So Mike/Readers, if I may ask: What tricks do you use to make sure you’re properly stocked/organized/under control and avoid overspending dumb money because you’re not prepared. — S.M.M.
I just noticed that the credit available on my three credit cards has been drastically reduced. For example, I used to have a $5,000 limit on one, and now it’s down to $1,800. It’s not a problem, since I am determined not to use these cards Ever Again, but it seems counterintuitive.
Hi, Money-Challenged Person. I am starving soon-to-be college student who really wants day-to-day financial independence. My parents are footing the bill as far as college goes, but I’d love to be able to do us all a favor and try to be smart with my money startiiiiiing NOW. HELP.
1. The short answer to this question is, do everything I did, except the exact opposite of that.
I work at a job that I really really like. One of the few downsides is that there is no such thing as a 401(k) and I know there won’t be ever. So as a 30-year-old, I have a Roth IRA set up for retirement. And all the articles say “Contribute to your 401(k)!” but what if that is not an option? Should I have a traditional IRA as well? Should I invest in a jar to stuff my money into? — K.K.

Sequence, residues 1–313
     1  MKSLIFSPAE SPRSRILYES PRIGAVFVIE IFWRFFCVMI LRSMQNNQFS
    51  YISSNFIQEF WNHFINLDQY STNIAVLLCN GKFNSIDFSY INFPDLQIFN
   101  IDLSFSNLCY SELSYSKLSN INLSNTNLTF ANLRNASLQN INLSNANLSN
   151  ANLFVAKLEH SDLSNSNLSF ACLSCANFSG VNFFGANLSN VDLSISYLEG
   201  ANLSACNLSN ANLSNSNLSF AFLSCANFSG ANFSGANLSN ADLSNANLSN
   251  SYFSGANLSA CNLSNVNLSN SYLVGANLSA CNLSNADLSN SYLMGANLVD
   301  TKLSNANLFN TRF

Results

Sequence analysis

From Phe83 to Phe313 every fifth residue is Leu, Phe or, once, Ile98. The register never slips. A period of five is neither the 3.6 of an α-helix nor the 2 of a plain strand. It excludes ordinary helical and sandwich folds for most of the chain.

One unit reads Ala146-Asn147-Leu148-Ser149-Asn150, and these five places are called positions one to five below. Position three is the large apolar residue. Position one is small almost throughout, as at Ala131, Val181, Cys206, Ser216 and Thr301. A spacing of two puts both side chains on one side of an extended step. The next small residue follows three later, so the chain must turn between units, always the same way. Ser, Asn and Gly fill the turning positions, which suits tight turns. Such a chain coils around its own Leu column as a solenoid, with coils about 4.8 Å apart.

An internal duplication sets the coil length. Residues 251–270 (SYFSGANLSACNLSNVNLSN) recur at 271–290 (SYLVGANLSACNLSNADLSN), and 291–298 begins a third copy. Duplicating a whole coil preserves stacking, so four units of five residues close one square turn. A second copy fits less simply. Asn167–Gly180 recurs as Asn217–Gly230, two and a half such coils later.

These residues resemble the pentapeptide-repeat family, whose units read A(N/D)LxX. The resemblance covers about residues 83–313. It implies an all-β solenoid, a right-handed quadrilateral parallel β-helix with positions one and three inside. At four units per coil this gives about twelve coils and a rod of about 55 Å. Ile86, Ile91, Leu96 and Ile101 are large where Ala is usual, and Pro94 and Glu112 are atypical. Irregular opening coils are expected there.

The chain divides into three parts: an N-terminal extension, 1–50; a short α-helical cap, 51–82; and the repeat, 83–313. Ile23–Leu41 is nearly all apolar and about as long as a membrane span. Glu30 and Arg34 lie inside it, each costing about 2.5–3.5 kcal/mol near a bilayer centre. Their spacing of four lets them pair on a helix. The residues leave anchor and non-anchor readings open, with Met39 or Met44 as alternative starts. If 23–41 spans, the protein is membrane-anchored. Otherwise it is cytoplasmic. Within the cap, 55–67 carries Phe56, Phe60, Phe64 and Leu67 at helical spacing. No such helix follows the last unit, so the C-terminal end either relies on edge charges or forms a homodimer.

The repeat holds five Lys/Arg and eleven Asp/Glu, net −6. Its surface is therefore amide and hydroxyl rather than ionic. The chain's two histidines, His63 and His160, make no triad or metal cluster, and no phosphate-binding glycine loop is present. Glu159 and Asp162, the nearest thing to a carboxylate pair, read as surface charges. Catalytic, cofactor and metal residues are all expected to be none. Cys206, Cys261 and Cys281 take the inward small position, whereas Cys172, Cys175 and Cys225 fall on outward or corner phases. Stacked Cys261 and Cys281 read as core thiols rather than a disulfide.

When I was a young, bright-eyed graduate student intent on reporting from a news bureau in Europe or Asia or The Middle East, I signed up for the program as a mentee, and was paired with a foreign correspondent who worked and lived in Italy.
So, my question is: How much do people usually keep in savings? My husband and I are both in our late 20′s, and have lived in NYC for years. We’ve always assumed most people here—especially renters—don’t usually have substantial savings accounts (or worse, are paycheck-to-paycheck). Are we wrong? Or is our once-considered landlord being unfair? — J.M.
Here’s the thing about salary requirements: Some people require more money than other people, and that’s why this is a common question that’s asked by employers.